Day 53 of the occupation of Acacia Park is tentless. Where there were once permitted canvas shelters and canopies, now a few tables are manned by members of Occupy Colorado Springs.
The protesters on this Monday afternoon, however, are optimistic. One, Nicholas Galetka, says the goal is to continue the protest as is: "We are not going anywhere." He would rather be arrested, he says.
And by 1:40 p.m. that's exactly what happens, when he and about 15 other protesters set up their occupation in front of City Hall.
According to the incident report, Galetka and others arranged their tables on the City Hall steps, before moving their property to the grass. When told they were in violation of City Code, Galetka claimed ownership of the property and was placed under arrest.
The tenor of Occupy Colorado Springs had changed a day earlier, when the group's 30-day permit expired. At 11 p.m., Sunday, Colorado Springs police entered the Occupy area at the corner of Tejon and Bijou streets to inform the roughly 50 people present that the city would not renew the permit. Kristie Wheeler, one of the two permit-holders for the protest, was given an order to "remove, correct or otherwise abate" their unlawful obstruction of a public right-of-way.
The protesters were given until 1 a.m. to remove their tents, which they didn't.
Code officers then confiscated the tents, though protesters had removed their personal belongings, including food and blankets.
Joel Aigner says he and fellow Occupiers had assumed they wouldn't receive the 11-month extension they were seeking. They called the city numerous times on Friday for word, but it wasn't until CSPD showed up Sunday night to remove them that they finally had confirmation.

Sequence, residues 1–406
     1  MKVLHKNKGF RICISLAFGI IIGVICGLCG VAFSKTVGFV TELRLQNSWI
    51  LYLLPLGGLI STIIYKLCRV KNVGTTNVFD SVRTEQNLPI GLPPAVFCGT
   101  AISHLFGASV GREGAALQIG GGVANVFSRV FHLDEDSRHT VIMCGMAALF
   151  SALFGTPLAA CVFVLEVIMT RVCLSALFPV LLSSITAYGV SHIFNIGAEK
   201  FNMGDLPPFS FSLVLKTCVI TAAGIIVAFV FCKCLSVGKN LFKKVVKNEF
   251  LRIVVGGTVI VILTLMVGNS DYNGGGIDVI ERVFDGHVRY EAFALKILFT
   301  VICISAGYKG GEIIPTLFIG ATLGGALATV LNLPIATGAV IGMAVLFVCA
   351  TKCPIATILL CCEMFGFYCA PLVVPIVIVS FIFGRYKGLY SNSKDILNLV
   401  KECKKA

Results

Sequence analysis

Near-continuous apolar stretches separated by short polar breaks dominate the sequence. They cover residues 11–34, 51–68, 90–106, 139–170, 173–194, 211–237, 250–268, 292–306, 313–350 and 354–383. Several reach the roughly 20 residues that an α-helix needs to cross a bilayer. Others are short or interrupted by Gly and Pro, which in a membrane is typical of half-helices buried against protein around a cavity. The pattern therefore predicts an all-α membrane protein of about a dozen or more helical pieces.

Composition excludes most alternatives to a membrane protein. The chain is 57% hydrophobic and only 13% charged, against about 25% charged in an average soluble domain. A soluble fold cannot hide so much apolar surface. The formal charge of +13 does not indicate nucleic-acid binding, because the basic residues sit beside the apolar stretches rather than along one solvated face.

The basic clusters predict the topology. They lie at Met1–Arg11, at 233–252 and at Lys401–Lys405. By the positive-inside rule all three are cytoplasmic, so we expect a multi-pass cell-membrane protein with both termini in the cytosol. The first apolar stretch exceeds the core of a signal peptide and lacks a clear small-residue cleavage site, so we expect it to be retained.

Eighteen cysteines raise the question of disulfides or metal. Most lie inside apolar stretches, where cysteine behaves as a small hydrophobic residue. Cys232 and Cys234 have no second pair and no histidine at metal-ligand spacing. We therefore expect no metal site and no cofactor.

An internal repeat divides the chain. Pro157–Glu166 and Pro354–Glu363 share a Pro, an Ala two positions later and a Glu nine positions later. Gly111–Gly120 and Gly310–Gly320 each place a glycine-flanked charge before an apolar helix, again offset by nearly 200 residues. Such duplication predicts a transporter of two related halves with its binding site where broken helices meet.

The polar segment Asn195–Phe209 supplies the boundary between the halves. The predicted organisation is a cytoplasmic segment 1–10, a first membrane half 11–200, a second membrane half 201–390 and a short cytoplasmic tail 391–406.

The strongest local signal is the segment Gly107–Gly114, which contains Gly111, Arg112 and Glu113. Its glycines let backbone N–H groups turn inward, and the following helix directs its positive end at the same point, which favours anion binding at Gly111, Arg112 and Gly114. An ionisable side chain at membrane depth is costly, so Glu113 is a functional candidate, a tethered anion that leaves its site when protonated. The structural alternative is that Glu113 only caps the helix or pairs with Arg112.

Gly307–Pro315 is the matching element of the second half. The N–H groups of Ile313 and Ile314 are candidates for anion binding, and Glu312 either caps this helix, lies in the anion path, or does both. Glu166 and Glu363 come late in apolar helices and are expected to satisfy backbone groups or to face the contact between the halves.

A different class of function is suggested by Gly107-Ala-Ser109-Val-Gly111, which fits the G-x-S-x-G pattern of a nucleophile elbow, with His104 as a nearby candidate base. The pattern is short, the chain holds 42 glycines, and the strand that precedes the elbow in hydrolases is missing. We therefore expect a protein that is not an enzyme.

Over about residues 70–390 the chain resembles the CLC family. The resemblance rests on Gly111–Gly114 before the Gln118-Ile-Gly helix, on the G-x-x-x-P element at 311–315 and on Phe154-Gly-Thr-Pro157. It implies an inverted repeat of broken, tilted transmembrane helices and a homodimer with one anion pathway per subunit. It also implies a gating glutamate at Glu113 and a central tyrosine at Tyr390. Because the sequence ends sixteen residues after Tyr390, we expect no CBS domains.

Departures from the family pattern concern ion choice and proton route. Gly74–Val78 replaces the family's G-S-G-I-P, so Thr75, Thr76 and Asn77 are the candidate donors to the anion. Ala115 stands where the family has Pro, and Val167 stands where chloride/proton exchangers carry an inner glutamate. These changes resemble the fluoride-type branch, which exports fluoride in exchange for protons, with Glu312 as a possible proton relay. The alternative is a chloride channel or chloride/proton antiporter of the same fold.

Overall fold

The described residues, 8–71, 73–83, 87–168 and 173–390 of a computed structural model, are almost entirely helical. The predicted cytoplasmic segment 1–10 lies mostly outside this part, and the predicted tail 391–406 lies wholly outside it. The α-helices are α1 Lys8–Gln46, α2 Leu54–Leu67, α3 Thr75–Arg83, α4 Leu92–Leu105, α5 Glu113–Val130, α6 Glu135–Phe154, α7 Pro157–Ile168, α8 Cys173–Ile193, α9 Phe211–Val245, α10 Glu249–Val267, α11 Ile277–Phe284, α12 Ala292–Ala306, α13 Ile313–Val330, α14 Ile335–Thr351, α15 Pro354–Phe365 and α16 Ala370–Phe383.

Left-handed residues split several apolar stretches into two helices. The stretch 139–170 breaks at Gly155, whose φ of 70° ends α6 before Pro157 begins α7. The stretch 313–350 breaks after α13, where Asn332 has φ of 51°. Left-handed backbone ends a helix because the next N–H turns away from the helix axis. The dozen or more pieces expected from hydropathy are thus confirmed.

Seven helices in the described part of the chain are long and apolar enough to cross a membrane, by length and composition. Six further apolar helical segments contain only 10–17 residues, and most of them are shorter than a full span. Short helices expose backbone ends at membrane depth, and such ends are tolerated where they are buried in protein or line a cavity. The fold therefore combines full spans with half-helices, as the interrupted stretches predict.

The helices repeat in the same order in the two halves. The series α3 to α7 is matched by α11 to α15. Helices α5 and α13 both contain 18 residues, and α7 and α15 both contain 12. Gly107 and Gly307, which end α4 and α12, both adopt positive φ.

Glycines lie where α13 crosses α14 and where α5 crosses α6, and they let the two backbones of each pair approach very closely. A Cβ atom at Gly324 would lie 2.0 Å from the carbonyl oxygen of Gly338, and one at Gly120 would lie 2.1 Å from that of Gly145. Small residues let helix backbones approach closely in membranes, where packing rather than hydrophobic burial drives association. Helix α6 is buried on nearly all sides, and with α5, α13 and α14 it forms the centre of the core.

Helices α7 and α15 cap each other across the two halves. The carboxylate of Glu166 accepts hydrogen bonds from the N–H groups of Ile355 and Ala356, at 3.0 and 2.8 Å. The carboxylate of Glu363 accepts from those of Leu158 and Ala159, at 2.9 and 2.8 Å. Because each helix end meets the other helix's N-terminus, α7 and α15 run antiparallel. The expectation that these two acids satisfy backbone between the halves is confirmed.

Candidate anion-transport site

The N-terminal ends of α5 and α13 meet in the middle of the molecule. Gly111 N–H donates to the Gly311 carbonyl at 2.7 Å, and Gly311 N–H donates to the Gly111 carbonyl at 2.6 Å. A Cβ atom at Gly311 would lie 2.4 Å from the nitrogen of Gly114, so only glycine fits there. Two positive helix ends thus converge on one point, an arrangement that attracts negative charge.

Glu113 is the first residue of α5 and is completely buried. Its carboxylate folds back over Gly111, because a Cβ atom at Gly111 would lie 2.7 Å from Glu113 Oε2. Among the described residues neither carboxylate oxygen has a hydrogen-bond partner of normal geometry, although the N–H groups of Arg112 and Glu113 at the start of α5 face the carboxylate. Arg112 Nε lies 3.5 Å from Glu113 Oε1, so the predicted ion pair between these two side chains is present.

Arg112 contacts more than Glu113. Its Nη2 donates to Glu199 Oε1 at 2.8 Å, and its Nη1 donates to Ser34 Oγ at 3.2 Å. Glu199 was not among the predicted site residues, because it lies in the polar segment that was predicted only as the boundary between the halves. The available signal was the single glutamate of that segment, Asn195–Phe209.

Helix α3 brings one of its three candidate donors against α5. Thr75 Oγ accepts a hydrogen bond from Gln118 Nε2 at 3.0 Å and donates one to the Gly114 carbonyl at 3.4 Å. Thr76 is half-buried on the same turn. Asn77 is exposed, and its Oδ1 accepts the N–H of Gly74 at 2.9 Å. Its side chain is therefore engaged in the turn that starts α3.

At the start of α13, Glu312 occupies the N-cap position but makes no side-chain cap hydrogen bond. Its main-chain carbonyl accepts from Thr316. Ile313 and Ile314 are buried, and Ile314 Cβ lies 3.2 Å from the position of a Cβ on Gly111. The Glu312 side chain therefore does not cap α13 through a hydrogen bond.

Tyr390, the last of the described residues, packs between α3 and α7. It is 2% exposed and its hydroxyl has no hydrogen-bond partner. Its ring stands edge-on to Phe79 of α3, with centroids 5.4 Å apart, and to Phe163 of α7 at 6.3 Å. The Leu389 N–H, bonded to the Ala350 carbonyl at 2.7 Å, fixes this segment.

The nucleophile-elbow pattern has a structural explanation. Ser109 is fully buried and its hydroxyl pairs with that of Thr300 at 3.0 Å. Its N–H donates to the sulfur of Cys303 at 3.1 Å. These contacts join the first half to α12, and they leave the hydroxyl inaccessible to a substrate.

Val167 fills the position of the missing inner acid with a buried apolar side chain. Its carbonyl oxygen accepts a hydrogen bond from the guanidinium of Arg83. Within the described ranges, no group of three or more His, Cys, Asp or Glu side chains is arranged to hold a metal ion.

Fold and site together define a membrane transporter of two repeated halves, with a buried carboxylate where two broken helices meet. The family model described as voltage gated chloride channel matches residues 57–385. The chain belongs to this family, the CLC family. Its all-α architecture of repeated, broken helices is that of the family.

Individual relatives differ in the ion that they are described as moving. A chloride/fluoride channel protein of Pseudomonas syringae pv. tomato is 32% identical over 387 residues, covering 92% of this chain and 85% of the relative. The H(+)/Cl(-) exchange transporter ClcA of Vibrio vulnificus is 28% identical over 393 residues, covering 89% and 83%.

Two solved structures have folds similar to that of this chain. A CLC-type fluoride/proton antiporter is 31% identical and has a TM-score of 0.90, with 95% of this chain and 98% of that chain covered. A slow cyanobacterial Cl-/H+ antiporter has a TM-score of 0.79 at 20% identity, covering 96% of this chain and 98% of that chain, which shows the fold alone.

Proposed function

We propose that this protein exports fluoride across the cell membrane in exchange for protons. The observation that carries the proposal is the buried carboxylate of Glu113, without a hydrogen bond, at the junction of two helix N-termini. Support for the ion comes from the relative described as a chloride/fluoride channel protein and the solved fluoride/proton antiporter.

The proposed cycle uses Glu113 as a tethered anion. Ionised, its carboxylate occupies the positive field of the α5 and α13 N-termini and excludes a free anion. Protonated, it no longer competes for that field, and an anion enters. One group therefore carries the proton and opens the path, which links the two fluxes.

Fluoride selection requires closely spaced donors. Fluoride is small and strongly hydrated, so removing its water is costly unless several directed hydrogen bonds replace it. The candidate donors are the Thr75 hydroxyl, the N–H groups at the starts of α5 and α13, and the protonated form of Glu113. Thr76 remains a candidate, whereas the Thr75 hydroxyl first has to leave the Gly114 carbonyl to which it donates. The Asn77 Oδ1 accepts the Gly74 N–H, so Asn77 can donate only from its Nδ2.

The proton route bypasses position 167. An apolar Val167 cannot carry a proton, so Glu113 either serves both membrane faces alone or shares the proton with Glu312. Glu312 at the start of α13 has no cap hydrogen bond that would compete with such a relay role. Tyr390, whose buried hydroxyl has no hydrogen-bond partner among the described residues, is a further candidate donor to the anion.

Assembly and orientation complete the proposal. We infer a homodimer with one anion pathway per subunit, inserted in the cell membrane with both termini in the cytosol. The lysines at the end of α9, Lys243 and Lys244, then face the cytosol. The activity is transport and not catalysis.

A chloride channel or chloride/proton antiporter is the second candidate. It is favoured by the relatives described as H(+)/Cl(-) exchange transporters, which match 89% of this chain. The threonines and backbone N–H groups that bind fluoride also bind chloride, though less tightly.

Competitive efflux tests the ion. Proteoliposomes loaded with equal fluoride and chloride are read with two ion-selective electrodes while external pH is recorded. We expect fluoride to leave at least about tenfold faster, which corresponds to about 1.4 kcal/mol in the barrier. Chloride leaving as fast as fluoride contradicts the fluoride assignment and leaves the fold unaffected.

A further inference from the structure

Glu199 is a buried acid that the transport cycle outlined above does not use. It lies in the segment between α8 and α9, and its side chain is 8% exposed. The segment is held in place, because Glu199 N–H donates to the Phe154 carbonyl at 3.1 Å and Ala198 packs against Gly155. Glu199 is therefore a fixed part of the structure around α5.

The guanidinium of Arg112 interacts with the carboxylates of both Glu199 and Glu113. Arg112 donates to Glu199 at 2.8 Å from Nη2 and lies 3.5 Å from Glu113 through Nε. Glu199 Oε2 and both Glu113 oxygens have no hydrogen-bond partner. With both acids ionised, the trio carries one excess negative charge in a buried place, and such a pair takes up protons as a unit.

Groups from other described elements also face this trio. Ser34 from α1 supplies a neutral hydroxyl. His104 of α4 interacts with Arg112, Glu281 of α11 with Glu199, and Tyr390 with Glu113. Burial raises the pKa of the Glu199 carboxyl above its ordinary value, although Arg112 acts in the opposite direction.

At some point Friday, Mayor Steve Bach actually had issued a memo stating he was installing a 45-day moratorium on revocable permits. Bach cited "possible negative impacts on general City operations and the public interest, health, safety, welfare and convenience."
City senior planner Ryan Tefertiller then wrote up a letter explaining the decision not to renew. It was sent to media and City Council early Monday morning. It also had apparently been posted on Wheeler's front door on Sunday, though she says that she see didn't see it until a reporter showed her a copy Monday.
Tefertiller cited six reasons as to why the permit would not be renewed, such as not keeping the area safe and clean, possible negative impact on downtown businesses, and the high number of police and fire calls related to the occupation.
"The number of calls for police and fire service to the area surrounding the permit site are significantly higher than the volume received for this area during the same period of time last year," he wrote.
In an e-mail, the city's chief communications officer, Cindy Aubrey, says Bach made the decision to refuse the permit extension "after extensive consultation with the City Attorney's Office and CSPD ... Wanting very much to protect First Amendment rights — Occupy Colorado Springs still has the right to protest, they just cannot erect structures or freestanding signs."
And it looks like the protest indeed will continue.
As Aigner puts it: "Occupy will continue no matter what corner of downtown we are on."
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